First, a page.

This is the text version of the video Systems Analysis Overview at the DOE Hydrogen Program 2022 Annual Merit Review and Peer Evaluation Meeting.

Neha Rustagi, Hydrogen and Fuel Cell Technologies Office: So I'll be providing an overview of the systems analysis program. So within systems analysis, we fund projects that inform the DOE's RD&D strategies. And so we start with foundational models that characterize the cost of individual technologies so, for example, the Autonomie model, which is used by hundreds of stakeholders throughout the U.S. to characterize the cost and performance of vehicles with specific designs of hydrogen storage or batteries or light-weighting. The H2A modeling suite, which depicts the cost and performance of hydrogen production and infrastructure.

And then these underlying models inform our projections of supply chain dynamics, so, for example, which regions of the country production is most likely to be deployed, where we're most likely to see pipelines or liquefaction or tube trailers, and then also which markets are most likely to adopt hydrogen relative to other decarbonization options. So that ultimately informs our RD&D strategy and then the deployments that result generate data that we use to recalibrate our foundational work to ensure that it reflects the state of the art within industry.

So this past year our key focus has been identifying scenarios of hydrogen demand in support of a net zero economy in 2050. So we've been working in collaboration with many offices across DOE that have been looking at specific segments of the economy so, for example, in collaboration with our vehicles office to understand what the market potential for hydrogen is in transportation. And you can see it's quite a broad range, and it's very dependent on the cost of hydrogen fuel.

We've been working with our bioenergy office to better understand what the demand potential is for hydrogen in biofuels and synthetic fuels, which could particularly be required to decarbonize the aviation sector in support of administration goals to decarbonize jet fuel by 2050. We've been working with our advanced manufacturing office, so they've been doing both analysis and stakeholder outreach to understand the potential for hydrogen, CCUS, electrification, energy efficiency, and other options to decarbonize industry.

And then also offices across DOE have been working to understand what a clean grid could look like in 2050 if we were to electrify end uses to enable a net zero economy and then also how that grid would vary depending on how interconnected it was and then also the availability of technology like CCS for hydrogen or direct air capture. So we see, again, a broad range of potential for hydrogen in energy storage for the grid accounting for all those different sensitivities.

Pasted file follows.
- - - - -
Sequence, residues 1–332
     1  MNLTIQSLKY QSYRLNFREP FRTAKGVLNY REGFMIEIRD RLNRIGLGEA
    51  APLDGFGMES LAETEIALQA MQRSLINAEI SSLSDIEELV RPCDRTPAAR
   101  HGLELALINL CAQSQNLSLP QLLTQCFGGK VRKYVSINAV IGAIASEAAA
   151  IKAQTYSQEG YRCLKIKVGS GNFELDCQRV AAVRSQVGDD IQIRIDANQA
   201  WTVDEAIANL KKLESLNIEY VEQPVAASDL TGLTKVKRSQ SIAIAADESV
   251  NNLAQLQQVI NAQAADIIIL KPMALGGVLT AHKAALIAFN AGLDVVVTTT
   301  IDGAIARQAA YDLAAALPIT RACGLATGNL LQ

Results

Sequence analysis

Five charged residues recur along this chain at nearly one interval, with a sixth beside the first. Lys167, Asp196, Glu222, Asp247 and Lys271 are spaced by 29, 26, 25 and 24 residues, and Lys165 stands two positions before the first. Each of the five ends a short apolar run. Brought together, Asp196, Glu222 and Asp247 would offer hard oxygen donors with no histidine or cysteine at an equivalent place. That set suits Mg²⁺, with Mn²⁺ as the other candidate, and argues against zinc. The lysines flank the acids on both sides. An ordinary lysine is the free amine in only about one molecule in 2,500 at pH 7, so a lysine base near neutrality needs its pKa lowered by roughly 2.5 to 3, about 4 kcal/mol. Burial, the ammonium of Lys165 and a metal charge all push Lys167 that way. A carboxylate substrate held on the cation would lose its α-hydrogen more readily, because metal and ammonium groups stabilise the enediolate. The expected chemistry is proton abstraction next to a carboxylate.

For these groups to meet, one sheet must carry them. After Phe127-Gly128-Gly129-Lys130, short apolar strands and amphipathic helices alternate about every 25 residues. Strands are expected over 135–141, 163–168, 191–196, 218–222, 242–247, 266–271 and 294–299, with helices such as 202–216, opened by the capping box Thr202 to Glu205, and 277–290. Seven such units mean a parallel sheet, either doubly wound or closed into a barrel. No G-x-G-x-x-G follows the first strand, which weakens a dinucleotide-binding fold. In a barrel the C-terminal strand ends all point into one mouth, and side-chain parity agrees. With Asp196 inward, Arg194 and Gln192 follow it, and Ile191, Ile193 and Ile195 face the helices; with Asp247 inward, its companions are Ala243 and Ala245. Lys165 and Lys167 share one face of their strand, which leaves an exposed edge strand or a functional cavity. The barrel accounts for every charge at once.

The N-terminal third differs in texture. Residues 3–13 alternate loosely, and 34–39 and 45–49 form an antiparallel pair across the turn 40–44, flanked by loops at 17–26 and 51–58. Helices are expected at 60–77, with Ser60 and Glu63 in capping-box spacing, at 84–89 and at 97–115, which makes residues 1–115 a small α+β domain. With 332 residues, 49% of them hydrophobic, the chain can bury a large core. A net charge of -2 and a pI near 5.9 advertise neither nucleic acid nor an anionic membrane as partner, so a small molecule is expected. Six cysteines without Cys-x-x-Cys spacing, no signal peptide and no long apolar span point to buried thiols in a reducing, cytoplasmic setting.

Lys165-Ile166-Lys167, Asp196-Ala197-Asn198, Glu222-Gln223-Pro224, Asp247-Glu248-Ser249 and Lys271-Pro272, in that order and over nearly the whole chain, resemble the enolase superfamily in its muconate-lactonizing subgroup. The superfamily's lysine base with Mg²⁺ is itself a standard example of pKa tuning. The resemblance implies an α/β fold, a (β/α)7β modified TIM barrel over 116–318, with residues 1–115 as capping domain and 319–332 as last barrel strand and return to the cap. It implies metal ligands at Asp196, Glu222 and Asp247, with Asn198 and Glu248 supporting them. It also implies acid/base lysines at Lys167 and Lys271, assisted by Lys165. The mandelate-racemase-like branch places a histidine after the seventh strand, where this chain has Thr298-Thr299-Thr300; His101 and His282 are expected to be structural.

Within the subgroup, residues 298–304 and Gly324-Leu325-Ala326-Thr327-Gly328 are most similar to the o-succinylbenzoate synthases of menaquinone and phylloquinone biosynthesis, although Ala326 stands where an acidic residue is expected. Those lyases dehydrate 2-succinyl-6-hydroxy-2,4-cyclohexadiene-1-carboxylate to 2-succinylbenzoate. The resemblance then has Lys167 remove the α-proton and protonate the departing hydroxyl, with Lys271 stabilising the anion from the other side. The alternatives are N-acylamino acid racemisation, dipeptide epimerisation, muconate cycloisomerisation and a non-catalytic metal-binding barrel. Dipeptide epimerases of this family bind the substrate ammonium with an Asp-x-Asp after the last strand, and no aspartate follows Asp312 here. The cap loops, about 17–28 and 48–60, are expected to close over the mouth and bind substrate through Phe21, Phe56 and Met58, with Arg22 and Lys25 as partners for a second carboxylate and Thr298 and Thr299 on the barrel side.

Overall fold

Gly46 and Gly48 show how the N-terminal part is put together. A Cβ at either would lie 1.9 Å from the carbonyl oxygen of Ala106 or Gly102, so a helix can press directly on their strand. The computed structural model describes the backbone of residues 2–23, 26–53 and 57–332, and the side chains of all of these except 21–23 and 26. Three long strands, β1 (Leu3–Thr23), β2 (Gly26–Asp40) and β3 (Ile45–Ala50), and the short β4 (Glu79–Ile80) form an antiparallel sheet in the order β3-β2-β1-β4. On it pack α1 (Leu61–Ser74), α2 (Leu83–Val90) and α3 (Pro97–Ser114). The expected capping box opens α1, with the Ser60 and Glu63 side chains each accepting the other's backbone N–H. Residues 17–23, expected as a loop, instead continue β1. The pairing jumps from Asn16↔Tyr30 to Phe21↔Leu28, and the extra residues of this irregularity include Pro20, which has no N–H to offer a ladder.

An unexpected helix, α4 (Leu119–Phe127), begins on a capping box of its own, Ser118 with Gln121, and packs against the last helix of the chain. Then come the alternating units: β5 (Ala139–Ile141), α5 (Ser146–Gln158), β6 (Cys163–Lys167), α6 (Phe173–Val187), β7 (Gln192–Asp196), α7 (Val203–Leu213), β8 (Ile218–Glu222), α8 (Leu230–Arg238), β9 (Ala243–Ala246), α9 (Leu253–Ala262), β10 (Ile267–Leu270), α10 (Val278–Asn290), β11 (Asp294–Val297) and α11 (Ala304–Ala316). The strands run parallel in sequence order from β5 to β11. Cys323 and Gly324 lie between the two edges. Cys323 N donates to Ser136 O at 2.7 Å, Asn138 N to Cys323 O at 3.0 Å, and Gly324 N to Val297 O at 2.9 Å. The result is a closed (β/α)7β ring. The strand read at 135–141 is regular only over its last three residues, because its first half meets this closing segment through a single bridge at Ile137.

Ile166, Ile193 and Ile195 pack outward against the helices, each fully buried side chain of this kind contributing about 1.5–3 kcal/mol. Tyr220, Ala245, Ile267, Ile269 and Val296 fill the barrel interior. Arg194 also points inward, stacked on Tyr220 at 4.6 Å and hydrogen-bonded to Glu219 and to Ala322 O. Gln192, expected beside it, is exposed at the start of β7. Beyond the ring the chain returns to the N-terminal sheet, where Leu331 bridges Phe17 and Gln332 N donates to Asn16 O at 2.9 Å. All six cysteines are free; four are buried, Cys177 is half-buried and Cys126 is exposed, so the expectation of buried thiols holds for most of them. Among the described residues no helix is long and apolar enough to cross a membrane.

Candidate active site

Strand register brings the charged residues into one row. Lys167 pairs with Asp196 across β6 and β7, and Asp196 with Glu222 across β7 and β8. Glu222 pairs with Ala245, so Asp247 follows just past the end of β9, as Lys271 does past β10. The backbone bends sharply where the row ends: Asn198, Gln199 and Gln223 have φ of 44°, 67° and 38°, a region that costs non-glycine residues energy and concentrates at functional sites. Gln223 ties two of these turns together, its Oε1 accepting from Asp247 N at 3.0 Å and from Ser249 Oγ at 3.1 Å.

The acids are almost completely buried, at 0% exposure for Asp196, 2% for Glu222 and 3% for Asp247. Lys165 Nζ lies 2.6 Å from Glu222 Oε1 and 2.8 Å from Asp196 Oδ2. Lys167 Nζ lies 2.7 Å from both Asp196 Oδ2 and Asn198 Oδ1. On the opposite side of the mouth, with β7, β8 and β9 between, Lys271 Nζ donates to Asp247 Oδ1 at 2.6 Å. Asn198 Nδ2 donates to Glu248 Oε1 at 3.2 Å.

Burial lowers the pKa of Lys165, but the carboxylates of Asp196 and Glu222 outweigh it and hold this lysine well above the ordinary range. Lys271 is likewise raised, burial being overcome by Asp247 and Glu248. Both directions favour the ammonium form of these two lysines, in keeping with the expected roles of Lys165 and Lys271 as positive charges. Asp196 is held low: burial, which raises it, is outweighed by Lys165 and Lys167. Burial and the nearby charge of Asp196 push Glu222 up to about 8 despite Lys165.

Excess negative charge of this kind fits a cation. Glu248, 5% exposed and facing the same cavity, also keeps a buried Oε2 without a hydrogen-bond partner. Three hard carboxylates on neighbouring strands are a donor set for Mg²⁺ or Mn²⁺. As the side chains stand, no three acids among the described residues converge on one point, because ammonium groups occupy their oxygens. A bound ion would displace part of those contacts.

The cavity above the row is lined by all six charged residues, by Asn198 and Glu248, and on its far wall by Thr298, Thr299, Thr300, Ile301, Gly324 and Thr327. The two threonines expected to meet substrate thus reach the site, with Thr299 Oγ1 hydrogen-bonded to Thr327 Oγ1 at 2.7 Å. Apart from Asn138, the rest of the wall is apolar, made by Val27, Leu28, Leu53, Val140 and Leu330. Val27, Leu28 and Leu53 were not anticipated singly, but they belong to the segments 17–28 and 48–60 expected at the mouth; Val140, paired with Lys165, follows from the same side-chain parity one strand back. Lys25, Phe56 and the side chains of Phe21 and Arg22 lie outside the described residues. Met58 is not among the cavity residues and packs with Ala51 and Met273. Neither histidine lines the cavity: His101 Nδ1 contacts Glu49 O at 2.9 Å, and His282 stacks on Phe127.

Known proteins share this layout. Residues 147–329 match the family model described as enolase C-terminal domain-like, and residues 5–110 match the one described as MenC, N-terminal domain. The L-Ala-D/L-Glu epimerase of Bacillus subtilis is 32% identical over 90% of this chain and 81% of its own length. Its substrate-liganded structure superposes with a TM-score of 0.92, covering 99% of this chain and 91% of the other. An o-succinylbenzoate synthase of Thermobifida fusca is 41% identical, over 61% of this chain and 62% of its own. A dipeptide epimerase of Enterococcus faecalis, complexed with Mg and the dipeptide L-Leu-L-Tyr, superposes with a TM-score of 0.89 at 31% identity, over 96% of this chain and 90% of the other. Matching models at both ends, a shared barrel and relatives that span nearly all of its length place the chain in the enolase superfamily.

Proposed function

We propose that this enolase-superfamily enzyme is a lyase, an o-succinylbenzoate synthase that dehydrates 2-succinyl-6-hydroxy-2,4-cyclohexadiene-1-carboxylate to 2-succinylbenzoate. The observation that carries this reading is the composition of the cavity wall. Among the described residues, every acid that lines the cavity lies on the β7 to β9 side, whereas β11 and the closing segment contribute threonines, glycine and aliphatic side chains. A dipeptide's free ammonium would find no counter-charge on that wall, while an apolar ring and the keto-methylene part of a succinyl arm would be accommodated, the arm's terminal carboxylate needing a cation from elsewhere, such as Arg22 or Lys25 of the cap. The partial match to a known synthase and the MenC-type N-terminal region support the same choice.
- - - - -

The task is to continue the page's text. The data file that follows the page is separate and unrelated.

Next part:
So in parallel with this scenario now, we've also been funding the development of user-friendly tools that folks outside in the stakeholder community at large can use to depict the cost and emissions associated with particular deployments that they're interested in. And then we've been working with the international community to develop mutually agreed-upon methods of life cycle analysis that can inform things like global trade.

So our budget annually is stable at $3 million per year. And most of that is spent on cost and emissions analysis of specific hydrogen pathways, and then also scenario analysis to understand what markets hydrogen has the strongest value proposition in. And that typically informs the types of tools that I was previously describing.

Two of the tools that have been a priority for us this year have been PNNL's Global Change Analysis Model, or GCAM, and the National Energy Modeling System, or NEMS. GCAM and NEMS are both unique in that they're market models that can compete different energy technologies. So hydrogen, electrification, low carbon fuels, conventional fossil fuels, to characterize which of those are most likely to be adopted in the future energy system. They can integrate different aspects of the energy system so, for example, if we were to decarbonize the grid, what would that mean for the cost of hydrogen from electrolysis? And then what would that mean for hydrogen adoption in industry as an example? This is really valuable because these models can be used then to depict what a net zero economy would optimally look like and how sensitive it is to particular variables and then also the impact that policies can have on deployment.

So GCAM and NEMS to date haven't included many different hydrogen production or infrastructure technologies or end uses of hydrogen across industry and then even parts of transportation. So over the course of the past year, we've been funding updates to both of these models to depict hydrogen production from electrolysis, SMR, coal gasification with CCS, biomass, several different methods of hydrogen delivery including tube trailers, liquefaction, pipelines, and then also hydrogen use in a wide range of sectors across industry and transportation and the grid.

We've also been working across EERE on regional deployment scenarios so, for example, with our bioenergy office and several other EERE offices to understand the potential for regional biofuel production from biomass and what that would mean for regional demand for hydrogen. And then also looking, for example, with the STEPS consortium led by UC Davis to understand what the potential for hydrogen could be specifically in the California region. And these types of regional analyses are really valuable because they can typically characterize potential with a greater fidelity in the near term than something at a national scale.